Niall Ferguson is a writer with sweeping ideas, As with the broad sweep of his book the Ascent of Money, in his new book published this fall, he takes on no less a subject that civilization itself – or more particularly the rise of the West starting around 1500 and its demise now. The book is thoroughly and impressively researched and is very readable with some surprising revelations to the non historian.
He states, for example, that every industrial revolution, starting with Britain arose out of the textile industry. He compares the French revolution to the American one and posits why the Americans succeeded while the French revolution descended into terrorism and tyranny: the French revolution was run by irresponsible theorists who placed equality above liberty, while the American one was dominated by pragmatists who valued liberty and the rule of law.
Ferguson compares the Spanish colonies in central and south America and the British colonies of North America and explains why the Spanish colonies turned into slave states, while democracy and prosperity eventually reigned in the British colonies.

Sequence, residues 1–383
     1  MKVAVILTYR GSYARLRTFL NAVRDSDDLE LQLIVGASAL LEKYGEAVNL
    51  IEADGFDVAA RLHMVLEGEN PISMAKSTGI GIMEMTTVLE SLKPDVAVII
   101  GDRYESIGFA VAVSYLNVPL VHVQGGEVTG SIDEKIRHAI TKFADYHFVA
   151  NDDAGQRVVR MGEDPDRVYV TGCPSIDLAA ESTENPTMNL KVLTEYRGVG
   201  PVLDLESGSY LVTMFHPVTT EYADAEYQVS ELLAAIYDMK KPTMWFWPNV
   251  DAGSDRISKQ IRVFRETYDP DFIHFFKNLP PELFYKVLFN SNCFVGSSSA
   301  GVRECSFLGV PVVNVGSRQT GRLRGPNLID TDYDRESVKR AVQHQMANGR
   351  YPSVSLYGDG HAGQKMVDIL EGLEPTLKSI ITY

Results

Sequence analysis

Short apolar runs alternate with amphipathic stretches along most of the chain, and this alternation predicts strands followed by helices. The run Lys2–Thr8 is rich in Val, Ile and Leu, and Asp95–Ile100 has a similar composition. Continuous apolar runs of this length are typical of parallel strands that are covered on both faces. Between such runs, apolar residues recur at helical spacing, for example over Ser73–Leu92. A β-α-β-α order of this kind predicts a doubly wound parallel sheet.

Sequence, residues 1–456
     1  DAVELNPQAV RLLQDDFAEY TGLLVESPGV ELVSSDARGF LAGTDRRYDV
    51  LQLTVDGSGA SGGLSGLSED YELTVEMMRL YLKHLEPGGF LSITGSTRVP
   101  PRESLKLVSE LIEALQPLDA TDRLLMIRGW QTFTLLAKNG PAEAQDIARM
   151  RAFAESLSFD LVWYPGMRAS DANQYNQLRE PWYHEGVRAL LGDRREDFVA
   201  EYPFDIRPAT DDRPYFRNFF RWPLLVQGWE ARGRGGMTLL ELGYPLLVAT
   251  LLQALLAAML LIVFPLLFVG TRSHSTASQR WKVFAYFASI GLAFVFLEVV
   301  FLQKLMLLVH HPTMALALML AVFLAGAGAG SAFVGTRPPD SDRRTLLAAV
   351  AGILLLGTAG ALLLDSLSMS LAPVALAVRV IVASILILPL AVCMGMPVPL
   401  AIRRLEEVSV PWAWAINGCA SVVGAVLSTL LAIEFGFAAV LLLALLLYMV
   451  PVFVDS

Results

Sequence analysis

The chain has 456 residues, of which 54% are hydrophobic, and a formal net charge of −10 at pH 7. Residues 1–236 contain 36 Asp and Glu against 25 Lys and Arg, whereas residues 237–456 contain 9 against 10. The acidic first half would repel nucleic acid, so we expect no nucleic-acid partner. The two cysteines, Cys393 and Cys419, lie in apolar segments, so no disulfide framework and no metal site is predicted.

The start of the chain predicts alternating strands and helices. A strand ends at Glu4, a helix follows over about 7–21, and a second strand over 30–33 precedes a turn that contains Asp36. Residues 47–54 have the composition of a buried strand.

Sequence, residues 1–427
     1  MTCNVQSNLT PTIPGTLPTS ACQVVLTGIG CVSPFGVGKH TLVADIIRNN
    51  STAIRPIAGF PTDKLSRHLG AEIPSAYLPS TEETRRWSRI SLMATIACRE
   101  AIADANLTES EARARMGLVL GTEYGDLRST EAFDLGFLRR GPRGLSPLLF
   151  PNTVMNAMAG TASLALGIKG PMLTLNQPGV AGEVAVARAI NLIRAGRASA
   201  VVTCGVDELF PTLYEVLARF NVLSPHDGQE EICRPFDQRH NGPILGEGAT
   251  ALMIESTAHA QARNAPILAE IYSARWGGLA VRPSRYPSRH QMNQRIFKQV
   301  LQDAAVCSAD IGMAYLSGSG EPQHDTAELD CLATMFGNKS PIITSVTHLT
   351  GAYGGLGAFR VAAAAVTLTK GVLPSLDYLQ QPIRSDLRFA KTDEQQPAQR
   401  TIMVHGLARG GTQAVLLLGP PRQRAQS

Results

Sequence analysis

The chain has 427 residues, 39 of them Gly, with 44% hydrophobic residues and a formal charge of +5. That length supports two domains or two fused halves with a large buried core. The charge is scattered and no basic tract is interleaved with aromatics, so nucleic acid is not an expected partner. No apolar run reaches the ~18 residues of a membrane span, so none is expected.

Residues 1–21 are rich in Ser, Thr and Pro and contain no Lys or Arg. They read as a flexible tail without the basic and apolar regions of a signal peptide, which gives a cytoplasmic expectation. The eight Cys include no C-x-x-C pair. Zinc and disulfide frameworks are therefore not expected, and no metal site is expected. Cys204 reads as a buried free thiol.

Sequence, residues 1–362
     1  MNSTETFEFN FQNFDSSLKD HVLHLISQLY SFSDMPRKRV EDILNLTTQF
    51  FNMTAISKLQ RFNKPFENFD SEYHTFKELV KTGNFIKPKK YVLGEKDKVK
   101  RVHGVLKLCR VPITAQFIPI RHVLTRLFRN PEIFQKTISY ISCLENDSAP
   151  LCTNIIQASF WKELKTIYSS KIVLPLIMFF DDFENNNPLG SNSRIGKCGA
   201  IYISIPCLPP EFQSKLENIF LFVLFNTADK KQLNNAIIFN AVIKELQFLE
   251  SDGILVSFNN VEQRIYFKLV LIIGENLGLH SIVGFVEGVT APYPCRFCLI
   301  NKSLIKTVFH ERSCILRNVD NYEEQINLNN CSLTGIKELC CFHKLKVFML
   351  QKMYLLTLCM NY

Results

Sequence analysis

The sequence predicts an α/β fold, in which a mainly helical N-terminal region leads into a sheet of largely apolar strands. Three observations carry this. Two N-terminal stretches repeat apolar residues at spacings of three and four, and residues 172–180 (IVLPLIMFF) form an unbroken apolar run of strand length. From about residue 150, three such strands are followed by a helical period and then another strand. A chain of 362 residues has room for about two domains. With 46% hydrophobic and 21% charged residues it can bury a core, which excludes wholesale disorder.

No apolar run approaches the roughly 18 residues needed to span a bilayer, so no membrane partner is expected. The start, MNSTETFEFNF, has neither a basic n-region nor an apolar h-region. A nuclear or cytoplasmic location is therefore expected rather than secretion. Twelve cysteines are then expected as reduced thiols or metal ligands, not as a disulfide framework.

Ferguson calls Europeans today the idlers of the world, with fewer citizens available for work because of protracted education and early retirement and a relatively low number of work hours. He explains why the Soviet Union could not produce a better working man's costume than the jeans invented by Levi in the United States and traces the rise of the blue jean from a worker's durable pant, made from American cloth and dyed with American indigo, to the universal symbolism of capitalism and freedom.
He notes that many of the atrocities committed in the Great Wars may have been due to the employment in wartime of colonial masters who had treated their subjects in just this way. The colonies, particularly of Africa, were, in fact, testing grounds for atrocities perpetrated in Europe by the colonizers against each other.
Essentially though, Ferguson attributes the rise of the West to six factors which developed out of the competing backward petty kingdoms of central Europe after 1500: competition, science, the rule of law, consumerism, modern medicine and the work ethic. The competition occasioned by their rivalry outperformed the more centralized and static societies of the Ottoman Empire and China.
The current predominance of the West, he attributes to the values ofProtestant Christianity which emphasize work and saving, a view supported by some of China's leaders and a warning for the effects of the decline of Christianity in the West.
This is a fascinating read, whether or not you agree with Ferguson's conclusions. It is full of insights derived from extensive research and should be on the holiday list of anyone who values history and its lessons.